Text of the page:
Last week I asked whether any of you had felt a difference caused by Brexit.
Predictably, responses were mainly “no difference” because the majority of us are just getting on with life whilst our politicians negotiate the deal that none of us really care about anyway.
However, there were two responses that I pulled out of the hat, heavily edited to protect the authors, and I present to you here, for no other reason the to stimulate your thinking.
The first from a travelling implantologist inside NHS corporate dentistry:
The corporates have relied massively on European dentists to provide the dentistry. Well, since Brexit, they have stopped coming. So if a dentist leaves, they are not being replaced, meaning the remaining dentist’s workload is massive and waiting lists locally are extensive. Those dentists look at breaking point and almost all are looking around for an exit to private practice or away from corporate dentistry. I haven’t met any yet that are thinking of going back to their home countries. Yet. How this impacts – well we find recruitment of new dentists very difficult. In our area, with the local grapevine, these corporate dentists are essentially ‘damaged goods’. They have been under-providing their NHS patients (because of the above constraints) and they couldn’t then be touted at a private practice as ‘the new greatest thing!’ as the locals would know where they had come from. So independent practices will have to recruit from afar – not easy with a shortfall in new graduates, especially in rural areas. The other side is that the slow decline of the corporate sector has meant that patients are facing up to the prospect of having to dig a bit deeper for their dentistry and are now rocking up at the doors of the private practices in the area. They need to make sure that “open for new patients” is on that door and that they exceed their expectations when they do show up.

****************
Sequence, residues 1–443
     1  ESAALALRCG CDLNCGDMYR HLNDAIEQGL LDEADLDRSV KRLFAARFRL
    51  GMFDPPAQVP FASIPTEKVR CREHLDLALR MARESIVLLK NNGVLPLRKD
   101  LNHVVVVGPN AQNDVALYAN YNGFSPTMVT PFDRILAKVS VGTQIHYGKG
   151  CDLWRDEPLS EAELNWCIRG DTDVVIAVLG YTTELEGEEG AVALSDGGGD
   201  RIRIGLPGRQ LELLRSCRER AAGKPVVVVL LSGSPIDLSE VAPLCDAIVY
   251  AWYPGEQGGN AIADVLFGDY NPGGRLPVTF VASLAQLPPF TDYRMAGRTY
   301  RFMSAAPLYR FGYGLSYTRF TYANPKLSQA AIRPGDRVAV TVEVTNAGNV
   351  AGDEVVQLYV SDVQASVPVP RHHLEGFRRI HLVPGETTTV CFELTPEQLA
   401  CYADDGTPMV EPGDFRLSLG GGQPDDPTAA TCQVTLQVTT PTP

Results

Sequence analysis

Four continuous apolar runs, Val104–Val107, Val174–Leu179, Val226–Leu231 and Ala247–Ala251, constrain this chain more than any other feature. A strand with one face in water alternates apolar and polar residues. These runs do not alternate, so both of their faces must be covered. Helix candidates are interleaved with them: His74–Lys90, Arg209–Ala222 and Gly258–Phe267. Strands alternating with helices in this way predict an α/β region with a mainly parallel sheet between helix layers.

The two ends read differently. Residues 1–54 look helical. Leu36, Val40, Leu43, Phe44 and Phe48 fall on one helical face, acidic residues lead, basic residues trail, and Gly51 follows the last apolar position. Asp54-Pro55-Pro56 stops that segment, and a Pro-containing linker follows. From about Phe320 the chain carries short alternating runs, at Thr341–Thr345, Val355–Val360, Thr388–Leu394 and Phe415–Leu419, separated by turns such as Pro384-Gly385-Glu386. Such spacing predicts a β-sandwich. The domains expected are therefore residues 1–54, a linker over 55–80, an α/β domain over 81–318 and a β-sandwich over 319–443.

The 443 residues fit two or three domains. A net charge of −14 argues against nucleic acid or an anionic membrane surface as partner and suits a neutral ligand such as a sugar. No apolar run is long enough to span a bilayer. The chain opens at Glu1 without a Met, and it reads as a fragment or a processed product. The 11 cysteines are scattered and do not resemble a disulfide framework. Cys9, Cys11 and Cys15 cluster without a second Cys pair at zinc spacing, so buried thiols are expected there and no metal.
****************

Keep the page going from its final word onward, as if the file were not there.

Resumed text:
So it may well be that the exodus of European graduates is not necessarily from these shores but from the companies and sector in which they currently work. Notwithstanding my contributor’s concerns about locally “damaged goods” (don’t shoot the messenger), there is perhaps a recruitment opportunity here for independent Principals – offering an escape route from the Borg and the UDA treadmill?
From north of the border:
The primary impact affecting the business is increased costs in terms of dental materials and lab bills as a result of the fall in the £ against the € and $. From a Scottish point of view, the change to the income tax regime for Scottish tax payers in my opinion carries a risk of clinicians choosing not to work in Scotland as Associates, Hygienists, Therapists are likely to pay more tax than their colleagues in the UK. Although that’s not really a Brexit issue.
“Come south – it’s cheaper!”
I never thought I would hear that.
Well that’s my curiosity satisfied for now – and thank you to those who did respond, even with a “no difference”.
Back to work.